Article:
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Lesson Plans


Re: the value of certification?

[ Thread ][ Subject ][ Author ][ Date ]
Sandra Hildreth (shildret)
Wed, 21 Oct 1998 22:55:59 -0400


> My observation is that certification is relatively meaningless. What counts
> is the instructor's ability and his capacity to connect with students.
> There are no objective standards for art, anyway, so certification is in
> itself somewhat arbitrary. I would even say that many lousy teachers hide
> behind their certification.

I am just reading Monday's email, but I have a feeling the above
statement is going to rub a lot of people the wrong way. One could be an
extremely talented artist, knowledgeable and skillful in many
techniques, with a strong art history background - and be lousy at
"teaching". Or, one could be a skillful motivational speaker and great
at managing groups of children - but have such a weak art background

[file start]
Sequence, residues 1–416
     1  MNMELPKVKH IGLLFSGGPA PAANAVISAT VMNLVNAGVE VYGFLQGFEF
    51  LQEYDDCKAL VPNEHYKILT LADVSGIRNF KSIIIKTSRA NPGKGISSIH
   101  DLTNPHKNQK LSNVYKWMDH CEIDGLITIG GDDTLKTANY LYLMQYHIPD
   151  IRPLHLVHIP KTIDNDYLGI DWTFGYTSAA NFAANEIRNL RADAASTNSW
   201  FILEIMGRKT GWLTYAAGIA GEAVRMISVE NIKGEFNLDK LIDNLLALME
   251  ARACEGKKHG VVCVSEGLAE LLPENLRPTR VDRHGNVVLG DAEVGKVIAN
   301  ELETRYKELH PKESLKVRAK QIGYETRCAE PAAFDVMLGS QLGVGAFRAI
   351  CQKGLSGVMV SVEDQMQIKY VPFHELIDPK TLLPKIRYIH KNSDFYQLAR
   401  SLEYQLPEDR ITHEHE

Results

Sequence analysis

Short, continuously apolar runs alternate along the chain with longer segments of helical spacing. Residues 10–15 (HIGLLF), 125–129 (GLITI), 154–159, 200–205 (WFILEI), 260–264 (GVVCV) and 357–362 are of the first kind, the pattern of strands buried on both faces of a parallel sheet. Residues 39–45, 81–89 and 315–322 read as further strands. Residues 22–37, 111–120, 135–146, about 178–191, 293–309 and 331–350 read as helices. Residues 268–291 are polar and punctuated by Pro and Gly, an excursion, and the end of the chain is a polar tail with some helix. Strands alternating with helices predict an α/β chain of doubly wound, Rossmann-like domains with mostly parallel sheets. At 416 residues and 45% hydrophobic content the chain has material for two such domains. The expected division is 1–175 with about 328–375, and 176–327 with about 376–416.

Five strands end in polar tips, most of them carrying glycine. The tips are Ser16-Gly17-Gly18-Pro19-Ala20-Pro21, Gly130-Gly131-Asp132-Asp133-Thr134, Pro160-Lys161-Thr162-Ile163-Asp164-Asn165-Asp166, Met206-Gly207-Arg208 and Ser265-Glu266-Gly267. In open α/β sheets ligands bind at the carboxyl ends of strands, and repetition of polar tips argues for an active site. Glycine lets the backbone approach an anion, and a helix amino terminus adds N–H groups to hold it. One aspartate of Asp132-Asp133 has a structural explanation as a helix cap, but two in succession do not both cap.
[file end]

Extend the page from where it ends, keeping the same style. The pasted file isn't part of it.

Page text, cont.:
that virtually no learning takes place about art. The process of
certification certainly does not guarantee a successful teacher, but
those of us involved in teacher education programs do at least make a
serious effort at it. As far as the comment about an ineffective
university professor in the seventies, remember please that people who
teach at the university level usually have subject area degrees, not
education degrees. Many have not taken any methods courses, and have not
gone through any kind of certification program. Some become excellent
teachers; some just remain subject area experts.

-- 
Sandra Hildreth
Home Page: http://www.northnet.org/hildreth
Art 7-12, Madrid-Waddington Central School, Madrid, NY 13660
School Pages: http://www.northnet.org/mwcsart/mwart.htm
Art Methods, St. Lawrence University, Canton, NY 13617